It’s my stop on the Earth is Big blog tour and I have the amazing author, Steve Tomecek, has stopped by to talk to you all! How lucky are we?
Earth is big! (compared to a frog)
Earth is small! (when it’s hiding in a galaxy)
And that’s not all. Earth is wet and dry, hot and cold, round and jagged, fast and slow. You get the idea. It depends how you look at it!
Get to know our planet in a whole new way by comparing it to a huge variety of other incredible things – from tiny particles to giant star clusters. Did you know soap bubbles are some of the roundest objects in the universe? Or that we humans are totally outnumbered by chickens? Or that the driest desert on Earth isn’t scorching but freezing? Tour some of the most extreme places on the planet and beyond it, take a look at life forms from bacteria to elephants to redwood trees and explore what makes our planet the perfect home for us.
What are standards and why are they critical when it comes to measurement?
Earth Is Big is full of all types of measurements about our planet and objects found on and around it. If you stop and think about it, we use lots of different measurements in our daily lives. When you bake a cake, you need to carefully measure the different ingredients to make sure that it comes out just right. When you buy shoes, you need to know how big your feet are so the shoes are not too loose or too tight. And when you are driving down the road in a car, you need to know how fast you are going so you don’t get a speeding ticket!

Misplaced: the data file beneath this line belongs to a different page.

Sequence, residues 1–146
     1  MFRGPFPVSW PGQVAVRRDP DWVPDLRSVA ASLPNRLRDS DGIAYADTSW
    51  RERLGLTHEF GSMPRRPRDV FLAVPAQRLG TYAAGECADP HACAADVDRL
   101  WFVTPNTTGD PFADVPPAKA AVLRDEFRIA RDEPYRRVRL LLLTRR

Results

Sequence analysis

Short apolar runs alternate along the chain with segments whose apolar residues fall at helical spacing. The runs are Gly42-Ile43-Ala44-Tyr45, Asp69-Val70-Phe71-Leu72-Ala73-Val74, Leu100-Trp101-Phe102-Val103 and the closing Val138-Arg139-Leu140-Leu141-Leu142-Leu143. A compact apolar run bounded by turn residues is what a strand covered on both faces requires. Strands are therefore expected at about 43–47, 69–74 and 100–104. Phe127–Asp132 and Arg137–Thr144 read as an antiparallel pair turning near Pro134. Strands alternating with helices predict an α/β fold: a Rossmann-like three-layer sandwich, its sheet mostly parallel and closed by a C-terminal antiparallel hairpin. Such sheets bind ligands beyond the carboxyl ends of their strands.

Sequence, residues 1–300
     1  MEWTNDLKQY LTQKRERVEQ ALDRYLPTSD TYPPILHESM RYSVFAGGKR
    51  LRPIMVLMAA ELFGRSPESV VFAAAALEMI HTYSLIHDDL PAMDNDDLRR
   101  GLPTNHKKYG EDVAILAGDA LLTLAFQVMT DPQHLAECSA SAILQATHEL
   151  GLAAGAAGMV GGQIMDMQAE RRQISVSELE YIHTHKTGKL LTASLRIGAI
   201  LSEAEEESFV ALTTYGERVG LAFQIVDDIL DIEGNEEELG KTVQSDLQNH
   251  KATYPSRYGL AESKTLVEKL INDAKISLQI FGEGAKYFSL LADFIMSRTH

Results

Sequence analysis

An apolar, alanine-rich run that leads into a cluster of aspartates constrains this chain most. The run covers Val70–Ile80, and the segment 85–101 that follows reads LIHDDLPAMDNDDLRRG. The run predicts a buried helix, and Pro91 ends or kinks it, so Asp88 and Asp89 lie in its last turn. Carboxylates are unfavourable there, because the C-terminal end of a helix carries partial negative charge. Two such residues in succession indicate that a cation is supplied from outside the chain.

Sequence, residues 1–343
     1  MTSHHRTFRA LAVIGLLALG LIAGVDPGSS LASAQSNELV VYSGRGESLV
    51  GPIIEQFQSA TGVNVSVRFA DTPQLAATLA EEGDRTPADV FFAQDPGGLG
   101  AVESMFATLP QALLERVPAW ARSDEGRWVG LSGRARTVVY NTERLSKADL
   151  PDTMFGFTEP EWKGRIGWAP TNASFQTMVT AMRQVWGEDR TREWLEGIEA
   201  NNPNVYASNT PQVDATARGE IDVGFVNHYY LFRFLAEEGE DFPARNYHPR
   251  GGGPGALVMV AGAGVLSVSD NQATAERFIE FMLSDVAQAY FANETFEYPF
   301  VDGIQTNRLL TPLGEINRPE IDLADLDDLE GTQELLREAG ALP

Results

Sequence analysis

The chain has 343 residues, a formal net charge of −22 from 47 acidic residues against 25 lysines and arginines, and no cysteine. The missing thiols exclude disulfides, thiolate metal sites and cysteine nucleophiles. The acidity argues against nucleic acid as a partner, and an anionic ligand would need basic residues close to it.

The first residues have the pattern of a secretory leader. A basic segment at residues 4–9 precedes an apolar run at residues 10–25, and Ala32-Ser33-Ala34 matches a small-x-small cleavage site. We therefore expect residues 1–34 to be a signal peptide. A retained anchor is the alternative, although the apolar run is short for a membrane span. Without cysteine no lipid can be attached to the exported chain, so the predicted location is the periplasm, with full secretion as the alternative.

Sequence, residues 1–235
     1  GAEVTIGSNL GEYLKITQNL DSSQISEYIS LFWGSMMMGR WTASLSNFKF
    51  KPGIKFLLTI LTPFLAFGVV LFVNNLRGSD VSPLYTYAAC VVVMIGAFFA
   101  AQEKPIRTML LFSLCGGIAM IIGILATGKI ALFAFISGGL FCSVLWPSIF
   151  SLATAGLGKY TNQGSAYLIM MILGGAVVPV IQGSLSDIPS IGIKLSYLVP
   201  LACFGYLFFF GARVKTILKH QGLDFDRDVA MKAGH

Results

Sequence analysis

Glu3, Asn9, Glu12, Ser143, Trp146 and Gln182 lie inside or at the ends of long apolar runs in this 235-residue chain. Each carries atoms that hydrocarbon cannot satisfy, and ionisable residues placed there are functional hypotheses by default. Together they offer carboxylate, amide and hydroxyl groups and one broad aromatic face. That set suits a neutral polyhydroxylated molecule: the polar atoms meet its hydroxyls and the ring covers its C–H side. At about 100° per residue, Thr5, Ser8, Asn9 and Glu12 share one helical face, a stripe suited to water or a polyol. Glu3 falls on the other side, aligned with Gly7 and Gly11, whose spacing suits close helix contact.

Over the years scientists have come up with hundreds of ways to measure things including the size, weight, temperature, age, how fast things are moving and even how much water they have in them. These different types of measurement didn’t come about all at once though. They evolved over time as new properties of matter were discovered and new technologies were developed. While they may seem very different from each other, the one thing that all types of measurements have in common is something called a “standard”. A standard is a unit of measurement that everyone agrees with. One example is the “meter” which is the standard unit of length in the metric system. The meter was introduced in the 1790s and was originally calculated to be 1/10,000,000th the distance between the North Pole and the equator. This distance is equal to 3.28 feet which was the unit that people used before the meter was introduced.
Today, everywhere you go in the world people know exactly how long a meter is so when they measure the distance between two places, everyone knows exactly how far it is. This was not always the case! As you might have guessed, the “foot”, which is the unit of length most commonly used in the United States, was originally based on the length of a human foot. Before people had standardized rulers with standardized feet, they would measure distance by literally pacing it off with their own feet. This created lots of problems because people have different sized feet. A person with small feet would come up with a longer distance than a person with large feet. Without having standards in measurement, you cannot make fair comparisons that everyone can agree on!
EARTH IS BIG by Steve Tomecek, illustrated by Marquitos Farina out now in hardback (£14.99, What on Earth Books). For ages 7+.
A massive thanks to Steve for the blog post! It’s a pleasure to host such a range of authors on my blog!
Remember to check out the rest of the blog tour where you’ll see all sorts (details below)